This is a serious film, filled with dramatic presence. The title cards are artfully written, if not perhaps a little prudent, and evoke a sense of grandeur that extends beyond the contained frame of the screen. Many may find this an example of showing too little and telling too much, but I found it a happy medium between the two. Here, Griffith uses the art of the visual and the text of the narrative to give impressions to the audience, hoping to inflict us with whatever his aim may be. The film borders on the melodramatic rather often, but rarely skirts past this line. The players of the film all do admirable jobs, especially the lovely Lillian Gish, who is the main tool Griffith uses to inflict emotion onto us. The ending is a whopper, and one of the finest “down” endings in all of early cinema.
This film is a great example of how the right score can elevate a silent film far above and beyond what it otherwise would be. This is a very touching and affecting film that rightfully belongs on the Must See list, and deserves to be seen by all classic movie lovers.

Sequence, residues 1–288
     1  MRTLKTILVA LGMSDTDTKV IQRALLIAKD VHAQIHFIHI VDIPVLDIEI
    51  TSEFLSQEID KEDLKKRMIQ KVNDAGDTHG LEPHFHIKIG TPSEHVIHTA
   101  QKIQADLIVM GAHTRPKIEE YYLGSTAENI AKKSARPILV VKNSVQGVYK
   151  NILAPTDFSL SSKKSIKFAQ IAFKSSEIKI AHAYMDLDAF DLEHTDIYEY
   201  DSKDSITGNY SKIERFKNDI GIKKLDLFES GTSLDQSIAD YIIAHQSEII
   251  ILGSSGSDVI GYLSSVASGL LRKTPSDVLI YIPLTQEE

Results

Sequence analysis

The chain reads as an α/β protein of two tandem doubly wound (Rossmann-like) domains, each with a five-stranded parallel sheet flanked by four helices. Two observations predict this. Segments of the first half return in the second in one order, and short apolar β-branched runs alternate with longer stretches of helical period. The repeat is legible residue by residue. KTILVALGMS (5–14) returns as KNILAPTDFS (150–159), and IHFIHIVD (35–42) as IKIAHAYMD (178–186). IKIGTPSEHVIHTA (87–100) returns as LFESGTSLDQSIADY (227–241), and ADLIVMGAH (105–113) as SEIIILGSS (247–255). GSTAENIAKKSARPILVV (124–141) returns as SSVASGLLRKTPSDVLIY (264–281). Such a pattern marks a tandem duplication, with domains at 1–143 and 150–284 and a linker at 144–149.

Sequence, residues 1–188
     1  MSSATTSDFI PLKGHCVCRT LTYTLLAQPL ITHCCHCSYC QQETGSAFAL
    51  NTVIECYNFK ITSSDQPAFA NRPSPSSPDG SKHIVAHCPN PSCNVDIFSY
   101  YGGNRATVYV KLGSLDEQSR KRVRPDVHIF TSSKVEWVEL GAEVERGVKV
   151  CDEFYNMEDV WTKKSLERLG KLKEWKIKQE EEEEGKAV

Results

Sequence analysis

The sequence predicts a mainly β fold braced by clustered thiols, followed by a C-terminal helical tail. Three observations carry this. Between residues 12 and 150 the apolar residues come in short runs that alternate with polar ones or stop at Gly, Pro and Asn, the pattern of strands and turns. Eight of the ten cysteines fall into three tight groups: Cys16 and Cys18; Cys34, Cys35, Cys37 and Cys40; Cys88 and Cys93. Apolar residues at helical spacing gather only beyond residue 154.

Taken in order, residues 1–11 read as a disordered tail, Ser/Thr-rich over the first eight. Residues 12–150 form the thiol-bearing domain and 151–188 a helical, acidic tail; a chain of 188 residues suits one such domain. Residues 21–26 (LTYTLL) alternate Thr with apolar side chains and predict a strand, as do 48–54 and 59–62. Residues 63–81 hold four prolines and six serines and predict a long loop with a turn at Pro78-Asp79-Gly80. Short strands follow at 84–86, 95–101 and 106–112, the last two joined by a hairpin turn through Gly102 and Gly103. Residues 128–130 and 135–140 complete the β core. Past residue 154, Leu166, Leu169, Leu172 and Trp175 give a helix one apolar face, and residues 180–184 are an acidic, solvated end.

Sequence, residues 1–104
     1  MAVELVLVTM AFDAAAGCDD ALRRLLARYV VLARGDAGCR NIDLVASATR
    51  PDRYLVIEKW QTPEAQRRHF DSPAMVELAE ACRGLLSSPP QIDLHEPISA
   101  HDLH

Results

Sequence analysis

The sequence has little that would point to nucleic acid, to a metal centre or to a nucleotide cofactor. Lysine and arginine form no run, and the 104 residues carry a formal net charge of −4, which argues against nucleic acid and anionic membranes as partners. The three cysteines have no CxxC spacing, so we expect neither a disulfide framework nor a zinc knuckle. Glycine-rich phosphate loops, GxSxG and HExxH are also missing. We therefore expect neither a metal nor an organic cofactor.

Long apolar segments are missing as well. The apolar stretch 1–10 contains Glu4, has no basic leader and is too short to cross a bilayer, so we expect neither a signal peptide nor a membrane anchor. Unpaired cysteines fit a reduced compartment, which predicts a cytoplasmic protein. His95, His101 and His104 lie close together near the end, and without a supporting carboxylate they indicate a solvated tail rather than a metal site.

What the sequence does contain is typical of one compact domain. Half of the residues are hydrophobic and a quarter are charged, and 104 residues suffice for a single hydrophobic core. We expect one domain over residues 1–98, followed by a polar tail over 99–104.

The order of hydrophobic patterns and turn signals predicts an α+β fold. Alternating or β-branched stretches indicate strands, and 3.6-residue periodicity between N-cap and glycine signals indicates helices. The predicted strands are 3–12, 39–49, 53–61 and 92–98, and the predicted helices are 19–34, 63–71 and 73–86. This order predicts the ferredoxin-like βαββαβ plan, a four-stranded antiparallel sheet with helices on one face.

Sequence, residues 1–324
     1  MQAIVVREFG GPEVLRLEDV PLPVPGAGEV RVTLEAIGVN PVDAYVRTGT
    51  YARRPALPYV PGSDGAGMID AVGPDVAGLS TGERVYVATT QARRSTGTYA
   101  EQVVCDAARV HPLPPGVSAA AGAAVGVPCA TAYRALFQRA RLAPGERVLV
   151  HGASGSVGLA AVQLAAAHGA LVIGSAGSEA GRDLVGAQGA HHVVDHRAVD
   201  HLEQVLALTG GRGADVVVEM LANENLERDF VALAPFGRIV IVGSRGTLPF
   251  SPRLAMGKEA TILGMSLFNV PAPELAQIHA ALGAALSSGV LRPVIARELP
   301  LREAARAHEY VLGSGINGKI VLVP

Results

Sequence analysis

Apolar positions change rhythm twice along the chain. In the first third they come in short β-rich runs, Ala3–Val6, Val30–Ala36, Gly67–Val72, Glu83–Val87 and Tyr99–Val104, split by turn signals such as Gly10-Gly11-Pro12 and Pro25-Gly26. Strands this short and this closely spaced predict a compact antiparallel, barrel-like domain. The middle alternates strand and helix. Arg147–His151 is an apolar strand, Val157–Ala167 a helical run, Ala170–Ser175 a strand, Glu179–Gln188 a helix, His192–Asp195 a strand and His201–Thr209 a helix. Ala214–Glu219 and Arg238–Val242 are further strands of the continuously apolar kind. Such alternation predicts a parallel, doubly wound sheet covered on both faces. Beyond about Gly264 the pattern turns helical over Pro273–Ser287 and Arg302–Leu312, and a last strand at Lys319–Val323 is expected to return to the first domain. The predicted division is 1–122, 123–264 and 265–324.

Arbitrary Rating: 8/10
I am...The Great Vampire.
Les Vampires is an interesting one, mainly because it is a movie serial that comprises ten episodes. It’s also French, but being a silent film it is easily translatable into other languages, so no worry there. As always, I’ve tried to review the film(s) as I would if I were living in the time period of the film’s release, watching it for the first time, and garnering what I would from that. However, in this case, even though I was watching it as if I were in 1915, I still didn’t really get why I had to watch it in the first place.